An Essay on Slavery and Abolitionism: With Reference to the Duty of American Females
H. Perkins, 1837 - 152 Seiten
Although Beecher takes issue with the call for women's active involvement in the abolition movement, her discussion reveals the inter-relationship between 19th century abolitionism and 19th century feminism.
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Seite 63 - I sat down disconsolate on the turf by the road-side, and held my horse. Here a thought came into my mind, that if the contents of the Essay were true, it was time some person should see these calamities to their end. Agitated in this manner, I reached home. This was in the summer of 1785. " ' In the course of the autumn of the same year I experienced similar impressions. I walked frequently into the woods, that I might think on the subject in solitude, and find relief to my mind there. But there...
Seite 104 - In this country, petitions to congress, in reference to the official duties of legislators, seem, IN ALL CASES, to fall entirely without the sphere of female duty. Men are the proper persons to make appeals to the rulers whom they appoint, and if their female friends, by arguments and persuasions, can induce them to petition, all the good that can be done by such measures will be secured. But if females cannot influence their nearest friends, to urge forward a public measure in this way, they surely...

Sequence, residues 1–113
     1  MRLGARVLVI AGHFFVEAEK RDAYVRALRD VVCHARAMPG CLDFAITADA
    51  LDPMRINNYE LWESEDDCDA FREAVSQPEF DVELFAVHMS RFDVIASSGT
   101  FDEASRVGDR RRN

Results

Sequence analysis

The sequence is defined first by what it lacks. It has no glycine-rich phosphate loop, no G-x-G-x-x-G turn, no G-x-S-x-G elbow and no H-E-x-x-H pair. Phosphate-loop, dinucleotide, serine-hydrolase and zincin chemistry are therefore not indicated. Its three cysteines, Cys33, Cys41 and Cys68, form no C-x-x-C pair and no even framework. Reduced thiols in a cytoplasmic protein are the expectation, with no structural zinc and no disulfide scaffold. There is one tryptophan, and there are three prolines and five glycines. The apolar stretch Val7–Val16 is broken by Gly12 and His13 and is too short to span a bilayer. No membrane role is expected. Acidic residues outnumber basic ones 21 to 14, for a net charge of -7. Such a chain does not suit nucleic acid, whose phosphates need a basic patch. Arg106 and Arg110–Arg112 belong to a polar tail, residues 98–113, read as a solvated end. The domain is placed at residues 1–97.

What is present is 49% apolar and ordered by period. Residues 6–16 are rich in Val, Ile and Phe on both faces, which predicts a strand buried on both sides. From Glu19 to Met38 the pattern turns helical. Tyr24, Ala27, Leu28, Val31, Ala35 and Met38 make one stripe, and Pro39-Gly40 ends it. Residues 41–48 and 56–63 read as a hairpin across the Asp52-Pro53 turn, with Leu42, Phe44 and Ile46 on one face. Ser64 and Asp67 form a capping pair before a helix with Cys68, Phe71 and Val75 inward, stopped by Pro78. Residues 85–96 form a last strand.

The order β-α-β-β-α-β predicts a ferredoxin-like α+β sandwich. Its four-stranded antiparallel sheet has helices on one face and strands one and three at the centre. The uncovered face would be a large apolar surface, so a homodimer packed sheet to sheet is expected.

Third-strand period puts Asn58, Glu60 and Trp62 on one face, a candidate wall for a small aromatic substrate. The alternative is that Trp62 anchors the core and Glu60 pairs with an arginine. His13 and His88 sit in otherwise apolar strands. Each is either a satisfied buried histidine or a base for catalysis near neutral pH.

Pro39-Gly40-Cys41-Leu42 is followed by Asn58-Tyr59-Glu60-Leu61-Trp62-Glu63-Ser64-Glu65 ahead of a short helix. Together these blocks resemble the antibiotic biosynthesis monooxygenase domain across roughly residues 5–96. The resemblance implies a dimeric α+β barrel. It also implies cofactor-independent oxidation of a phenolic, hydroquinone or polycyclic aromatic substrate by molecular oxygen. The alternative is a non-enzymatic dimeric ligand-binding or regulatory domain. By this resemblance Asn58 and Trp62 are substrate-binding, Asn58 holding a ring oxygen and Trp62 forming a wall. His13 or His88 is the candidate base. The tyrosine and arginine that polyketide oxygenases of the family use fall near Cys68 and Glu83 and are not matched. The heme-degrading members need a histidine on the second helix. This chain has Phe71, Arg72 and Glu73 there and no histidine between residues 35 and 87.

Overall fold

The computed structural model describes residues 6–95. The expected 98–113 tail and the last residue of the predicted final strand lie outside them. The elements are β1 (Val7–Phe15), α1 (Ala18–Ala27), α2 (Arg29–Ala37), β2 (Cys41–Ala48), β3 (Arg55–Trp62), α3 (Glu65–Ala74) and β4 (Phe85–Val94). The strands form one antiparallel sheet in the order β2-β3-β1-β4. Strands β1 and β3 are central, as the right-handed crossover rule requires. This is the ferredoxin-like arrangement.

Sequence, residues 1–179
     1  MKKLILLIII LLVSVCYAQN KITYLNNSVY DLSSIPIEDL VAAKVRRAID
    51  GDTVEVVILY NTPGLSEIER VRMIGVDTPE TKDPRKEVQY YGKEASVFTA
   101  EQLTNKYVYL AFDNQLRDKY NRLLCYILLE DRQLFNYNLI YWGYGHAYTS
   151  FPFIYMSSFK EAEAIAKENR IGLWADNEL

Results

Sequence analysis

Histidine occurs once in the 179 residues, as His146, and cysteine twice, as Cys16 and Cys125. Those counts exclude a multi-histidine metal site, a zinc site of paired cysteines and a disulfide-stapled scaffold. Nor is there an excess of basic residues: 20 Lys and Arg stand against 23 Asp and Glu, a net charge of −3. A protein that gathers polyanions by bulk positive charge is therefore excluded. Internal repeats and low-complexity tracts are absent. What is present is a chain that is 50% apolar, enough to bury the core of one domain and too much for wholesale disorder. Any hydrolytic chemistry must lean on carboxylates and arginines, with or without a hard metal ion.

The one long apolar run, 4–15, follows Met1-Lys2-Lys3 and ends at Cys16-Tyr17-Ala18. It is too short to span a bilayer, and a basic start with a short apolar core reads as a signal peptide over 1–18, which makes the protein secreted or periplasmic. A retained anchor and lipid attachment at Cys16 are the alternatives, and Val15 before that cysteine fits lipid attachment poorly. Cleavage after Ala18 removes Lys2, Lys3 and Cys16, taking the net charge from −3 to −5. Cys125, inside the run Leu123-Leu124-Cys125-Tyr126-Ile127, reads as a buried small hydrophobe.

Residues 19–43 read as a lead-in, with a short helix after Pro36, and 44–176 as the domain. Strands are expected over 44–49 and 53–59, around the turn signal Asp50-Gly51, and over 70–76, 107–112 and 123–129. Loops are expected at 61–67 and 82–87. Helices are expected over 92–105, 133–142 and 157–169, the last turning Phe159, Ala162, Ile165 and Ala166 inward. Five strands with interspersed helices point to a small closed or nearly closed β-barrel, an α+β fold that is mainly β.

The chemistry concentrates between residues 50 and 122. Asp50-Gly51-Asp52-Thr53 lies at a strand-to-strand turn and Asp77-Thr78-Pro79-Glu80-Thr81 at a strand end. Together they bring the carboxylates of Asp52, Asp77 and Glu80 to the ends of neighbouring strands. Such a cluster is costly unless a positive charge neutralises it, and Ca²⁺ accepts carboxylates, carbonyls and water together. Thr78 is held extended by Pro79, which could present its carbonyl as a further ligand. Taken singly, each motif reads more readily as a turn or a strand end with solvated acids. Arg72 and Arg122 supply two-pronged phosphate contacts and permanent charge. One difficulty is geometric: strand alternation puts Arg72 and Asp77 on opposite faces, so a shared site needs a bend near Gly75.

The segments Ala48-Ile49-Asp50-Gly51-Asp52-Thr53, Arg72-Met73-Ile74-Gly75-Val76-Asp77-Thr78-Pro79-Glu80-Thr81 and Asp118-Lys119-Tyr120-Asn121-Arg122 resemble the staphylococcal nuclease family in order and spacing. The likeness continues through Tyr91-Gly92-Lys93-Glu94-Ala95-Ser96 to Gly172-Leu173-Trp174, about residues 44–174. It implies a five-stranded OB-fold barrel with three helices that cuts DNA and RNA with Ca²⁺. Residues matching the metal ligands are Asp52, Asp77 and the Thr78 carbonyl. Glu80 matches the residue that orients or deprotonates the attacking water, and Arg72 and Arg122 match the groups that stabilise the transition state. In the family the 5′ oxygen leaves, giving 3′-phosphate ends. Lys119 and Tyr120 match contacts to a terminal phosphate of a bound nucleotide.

Seite 70 - In this position they remained during the daylight ; but at night they went up to it armed, and seized all the inhabitants, who had not time to make their escape. They obtained forty-five persons in this manner. In the second, they were out eight or nine days, when they made a similar attempt, and with nearly similar success. They seized men, women, and children, as they could find them in the huts. They then bound their arms, and drove them before them to the canoes.
Seite 62 - I became at times very seriously affected while'upon the road. I stopped my horse occasionally, and dismounted, and walked. I frequently tried to persuade myself in these intervals that the contents of my Essay could not be true. The more, however, I reflected upon them, or rather upon the authorities on which they were founded, the more I gave them credit.
Seite 99 - A man may act on society by the collision of intellect, in public debate ; he may urge his measures by a sense of shame, by fear and by personal interest ; he may coerce by the combination of public sentiment ; he may drive by physical force, and he does not outstep the boundaries of his sphere.
Seite 100 - Woman is to win every thing by peace and love; by making herself so much respected, esteemed and loved, that to yield to her opinions and to gratify her wishes, will be the free-will offering of the heart.
Seite 61 - But all my pleasure was damped by the facts which were now continually before me. It was but one gloomy subject from morning to night. In the daytime I was uneasy. In the night I had little rest. I sometimes never closed my eyelids for grief.
Seite 62 - It was but one gloomy subject from morning to night. In the day-time I was uneasy. In the night I had little rest. I sometimes never closed my eye-lids for grief. It became now not so much a trial for academical reputation, as for the production of a work, which might be useful to injured Africa.
Seite 64 - ... and importance; — and with whom was I to unite? I believed also, that it looked so much like one of the feigned labours of Hercules, that my understanding would be suspected if I proposed it. On ruminating, however, on the subject, I found one thing at least practicable, and that this also was in my power. I could translate my Latin dissertation. I could enlarge it usefully. I could see how the public received it, or how far they were likely to favour any serious measures, which should have...